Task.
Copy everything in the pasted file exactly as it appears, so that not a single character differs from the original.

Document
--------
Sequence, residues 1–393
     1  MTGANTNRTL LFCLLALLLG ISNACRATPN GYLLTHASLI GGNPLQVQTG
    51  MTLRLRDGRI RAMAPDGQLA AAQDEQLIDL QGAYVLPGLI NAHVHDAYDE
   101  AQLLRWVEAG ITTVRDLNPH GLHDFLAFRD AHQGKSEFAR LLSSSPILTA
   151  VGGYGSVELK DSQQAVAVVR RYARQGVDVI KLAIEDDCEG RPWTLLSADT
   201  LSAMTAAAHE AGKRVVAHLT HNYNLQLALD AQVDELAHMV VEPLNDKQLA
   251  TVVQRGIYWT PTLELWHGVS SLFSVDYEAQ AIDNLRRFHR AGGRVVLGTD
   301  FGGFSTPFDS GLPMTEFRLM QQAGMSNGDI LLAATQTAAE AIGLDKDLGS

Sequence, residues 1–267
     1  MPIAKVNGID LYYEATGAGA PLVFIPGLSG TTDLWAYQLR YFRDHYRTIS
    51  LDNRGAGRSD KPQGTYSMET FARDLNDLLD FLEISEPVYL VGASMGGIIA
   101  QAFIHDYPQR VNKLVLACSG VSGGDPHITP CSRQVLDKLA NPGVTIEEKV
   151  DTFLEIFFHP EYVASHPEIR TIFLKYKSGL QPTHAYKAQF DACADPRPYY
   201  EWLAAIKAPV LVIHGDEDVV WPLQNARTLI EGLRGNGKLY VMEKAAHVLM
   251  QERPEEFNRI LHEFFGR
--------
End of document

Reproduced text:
Sequence, residues 1–393
     1  MTGANTNRTL LFCLLALLLG ISNACRATPN GYLLTHASLI GGNPLQVQTG
    51  MTLRLRDGRI RAMAPDGQLA AAQDEQLIDL QGAYVLPGLI NAHVHDAYDE
   101  AQLLRWVEAG ITTVRDLNPH GLHDFLAFRD AHQGKSEFAR LLSSSPILTA
   151  VGGYGSVELK DSQQAVAVVR RYARQGVDVI KLAIEDDCEG RPWTLLSADT
   201  LSAMTAAAHE AGKRVVAHLT HNYNLQLALD AQVDELAHMV VEPLNDKQLA
   251  TVVQRGIYWT PTLELWHGVS SLFSVDYEAQ AIDNLRRFHR AGGRVVLGTD
   301  FGGFSTPFDS GLPMTEFRLM QQAGMSNGDI LLAATQTAAE AIGLDKDLGS

Sequence, residues 1–267
     1  MPIAKVNGID LYYEATGAGA PLVFIPGLSG TTDLWAYQLR YFRDHYRTIS
    51  LDNRGAGRSD KPQGTYSMET FARDLNDLLD FLEISEPVYL VGASMGGIIA
   101  QAFIHDYPQR VNKLVLACSG VSGGDPHITP CSRQVLDKLA NPGVTIEEKV
   151  DTFLEIFFHP EYVASHPEIR TIFLKYKSGL QPTHAYKAQF DACADPRPYY
   201  EWLAAIKAPV LVIHGDEDVV WPLQNARTLI EGLRGNGKLY VMEKAAHVLM
   251  QERPEEFNRI LHEFFGR